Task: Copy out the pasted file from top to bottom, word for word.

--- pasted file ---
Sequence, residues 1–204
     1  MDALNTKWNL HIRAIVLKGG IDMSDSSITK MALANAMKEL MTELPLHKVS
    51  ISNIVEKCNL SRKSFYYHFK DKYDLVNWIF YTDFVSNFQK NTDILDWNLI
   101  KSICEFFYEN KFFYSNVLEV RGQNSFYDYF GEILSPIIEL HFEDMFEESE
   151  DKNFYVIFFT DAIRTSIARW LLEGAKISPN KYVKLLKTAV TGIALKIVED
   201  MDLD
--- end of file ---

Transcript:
Sequence, residues 1–204
     1  MDALNTKWNL HIRAIVLKGG IDMSDSSITK MALANAMKEL MTELPLHKVS
    51  ISNIVEKCNL SRKSFYYHFK DKYDLVNWIF YTDFVSNFQK NTDILDWNLI
   101  KSICEFFYEN KFFYSNVLEV RGQNSFYDYF GEILSPIIEL HFEDMFEESE
   151  DKNFYVIFFT DAIRTSIARW LLEGAKISPN KYVKLLKTAV TGIALKIVED
   201  MDLD